Parents upset UNC kicked daughter out of study abroad program
Posted September 16, 2009
Updated September 17, 2009
Raleigh, N.C. — A Raleigh man said he plans to meet with University of North Carolina officials after his daughter was dismissed from her study abroad program and was left to fend for herself on the streets of Cape Town, South Africa.
Alyssa Valdez, a senior business major at UNC-Chapel Hill, went to South Africa for a semester to boost her chances of landing a job in international business, said her parents, Luis and Merribeth Valdez.
She spent two weeks in Cape Town, touring the mountains and even walking with penguins, but she was kicked out of the program without warning before classes started, her parents said.
They said a professor accused the girl of breaking the code of conduct and told her she had to leave.
"She woke Alyssa up, and she basically threatened Alyssa and told her (that), if she did not pack her stuff immediately, she was going to contact the police and have her thrown out," Merribeth Valdez said.
Luis Valdez said his daughter was accused of excessive partying and allowing a man to stay after hours at the house for UNC students. A man did slept on a couch at the house, Merribeth Valdez said, but the couple said they don't think their daughter did anything wrong.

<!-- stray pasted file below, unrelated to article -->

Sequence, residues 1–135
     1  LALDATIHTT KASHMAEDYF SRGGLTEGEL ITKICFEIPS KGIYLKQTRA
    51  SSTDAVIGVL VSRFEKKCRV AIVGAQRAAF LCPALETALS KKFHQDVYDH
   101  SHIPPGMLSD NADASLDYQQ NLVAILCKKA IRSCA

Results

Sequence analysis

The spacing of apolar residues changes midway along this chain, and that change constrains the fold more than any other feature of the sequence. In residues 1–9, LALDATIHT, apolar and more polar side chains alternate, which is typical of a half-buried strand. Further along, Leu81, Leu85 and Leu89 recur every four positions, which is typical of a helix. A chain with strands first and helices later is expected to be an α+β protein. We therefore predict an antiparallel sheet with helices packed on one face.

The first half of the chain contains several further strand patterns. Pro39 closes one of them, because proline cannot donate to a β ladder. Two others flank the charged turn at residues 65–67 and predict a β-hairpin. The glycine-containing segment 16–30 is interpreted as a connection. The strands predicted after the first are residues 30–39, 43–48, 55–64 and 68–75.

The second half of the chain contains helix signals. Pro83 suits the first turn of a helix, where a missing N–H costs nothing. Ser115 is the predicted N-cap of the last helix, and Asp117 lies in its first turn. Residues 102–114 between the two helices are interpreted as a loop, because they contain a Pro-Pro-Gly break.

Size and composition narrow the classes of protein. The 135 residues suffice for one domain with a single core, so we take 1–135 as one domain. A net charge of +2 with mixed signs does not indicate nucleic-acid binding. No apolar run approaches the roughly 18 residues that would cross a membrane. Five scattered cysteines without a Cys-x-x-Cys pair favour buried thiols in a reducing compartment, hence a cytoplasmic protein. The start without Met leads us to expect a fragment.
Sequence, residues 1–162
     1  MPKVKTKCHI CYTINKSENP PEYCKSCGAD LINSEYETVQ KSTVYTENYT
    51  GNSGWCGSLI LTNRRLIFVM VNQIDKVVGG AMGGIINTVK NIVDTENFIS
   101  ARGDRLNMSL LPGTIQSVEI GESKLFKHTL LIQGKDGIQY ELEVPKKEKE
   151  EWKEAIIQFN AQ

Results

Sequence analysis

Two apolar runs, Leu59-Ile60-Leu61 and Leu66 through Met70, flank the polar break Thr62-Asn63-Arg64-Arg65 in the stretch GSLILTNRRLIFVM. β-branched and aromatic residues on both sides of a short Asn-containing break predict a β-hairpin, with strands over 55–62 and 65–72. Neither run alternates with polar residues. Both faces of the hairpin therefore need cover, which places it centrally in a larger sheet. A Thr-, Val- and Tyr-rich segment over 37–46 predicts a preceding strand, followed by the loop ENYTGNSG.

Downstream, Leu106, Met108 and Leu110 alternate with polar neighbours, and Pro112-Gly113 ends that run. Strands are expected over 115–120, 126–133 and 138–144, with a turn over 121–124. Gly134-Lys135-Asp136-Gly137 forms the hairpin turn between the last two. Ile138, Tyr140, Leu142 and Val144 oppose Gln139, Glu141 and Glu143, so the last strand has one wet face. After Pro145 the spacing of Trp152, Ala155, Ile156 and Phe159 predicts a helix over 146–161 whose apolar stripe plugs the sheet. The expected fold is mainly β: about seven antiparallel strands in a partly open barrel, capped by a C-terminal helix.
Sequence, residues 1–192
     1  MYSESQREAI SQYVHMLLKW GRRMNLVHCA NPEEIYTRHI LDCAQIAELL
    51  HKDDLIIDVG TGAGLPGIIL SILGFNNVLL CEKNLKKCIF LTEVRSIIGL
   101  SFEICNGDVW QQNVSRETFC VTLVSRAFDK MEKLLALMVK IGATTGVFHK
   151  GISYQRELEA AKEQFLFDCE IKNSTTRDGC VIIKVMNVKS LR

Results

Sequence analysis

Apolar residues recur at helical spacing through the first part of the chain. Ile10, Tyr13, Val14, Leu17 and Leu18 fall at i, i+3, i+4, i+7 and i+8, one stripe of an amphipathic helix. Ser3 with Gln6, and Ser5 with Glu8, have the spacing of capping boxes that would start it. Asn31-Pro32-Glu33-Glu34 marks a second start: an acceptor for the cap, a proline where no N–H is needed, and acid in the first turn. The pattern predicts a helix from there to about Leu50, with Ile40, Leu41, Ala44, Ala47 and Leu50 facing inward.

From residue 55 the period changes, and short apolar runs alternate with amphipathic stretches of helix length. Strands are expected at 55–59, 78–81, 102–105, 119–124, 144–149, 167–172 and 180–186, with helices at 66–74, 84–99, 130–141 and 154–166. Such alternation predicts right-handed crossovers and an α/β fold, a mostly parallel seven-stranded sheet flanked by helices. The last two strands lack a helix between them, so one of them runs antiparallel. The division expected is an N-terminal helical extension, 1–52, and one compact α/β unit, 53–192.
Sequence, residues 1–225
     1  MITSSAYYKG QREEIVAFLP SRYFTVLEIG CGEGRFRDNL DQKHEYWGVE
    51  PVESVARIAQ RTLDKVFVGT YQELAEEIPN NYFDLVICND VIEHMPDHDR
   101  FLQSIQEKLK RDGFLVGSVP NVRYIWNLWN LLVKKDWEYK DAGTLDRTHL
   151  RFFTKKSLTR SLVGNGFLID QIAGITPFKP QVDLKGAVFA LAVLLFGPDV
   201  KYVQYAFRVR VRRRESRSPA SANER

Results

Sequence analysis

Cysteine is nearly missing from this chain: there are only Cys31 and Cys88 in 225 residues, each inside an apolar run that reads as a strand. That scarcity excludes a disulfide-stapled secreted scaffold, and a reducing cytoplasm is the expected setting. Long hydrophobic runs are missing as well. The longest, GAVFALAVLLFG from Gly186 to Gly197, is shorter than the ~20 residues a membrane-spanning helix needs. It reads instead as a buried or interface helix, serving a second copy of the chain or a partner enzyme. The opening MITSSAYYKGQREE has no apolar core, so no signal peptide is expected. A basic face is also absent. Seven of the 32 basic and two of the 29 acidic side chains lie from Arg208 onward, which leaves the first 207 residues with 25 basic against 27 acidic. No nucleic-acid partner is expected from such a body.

Alyssa Valdez signed a code of ethics before taking the trip.
“Based on the information we have at this time, the on-site faculty adviser made safe accommodations available to the student and offered additional assistance, which the student declined," UNC spokesewoman Karen Moon said in a release Wednesday. "Federal privacy laws preclude us from providing further detail, but our preliminary review of the facts about this situation indicates that this matter was handled appropriately."
Lyn Gullan, the mother of two UNC students who lives on the outskirts of Cape Town, said she took Alyssa Valdez in for a few days until she could arrange for a flight back to North Carolina.
Gullan said Cape Town is notorious for its high rate of violent crimes, and she said she was appalled that a female college student was left on the streets of the city with her packed bags, without any UNC officials checking on her well-being before she left the country.
"She would have been the ultimate target for Cape Town crime," Gullan said in an e-mail provided to WRAL News by Luis Valdez. "What is worse is that a university of high standing such as UNC allowed this to happen."
The Valdezes echoed Gullan's concerns and said they hope to address the issue next week in meetings with UNC President Erskine Bowles and UNC-Chapel Hill Chancellor Holden Thorp.
"Alyssa was left out there on the streets of South Africa," Merribeth Valdez said. "She could have been raped. She could have been murdered – killed – and no one cared. All we got were e-mails."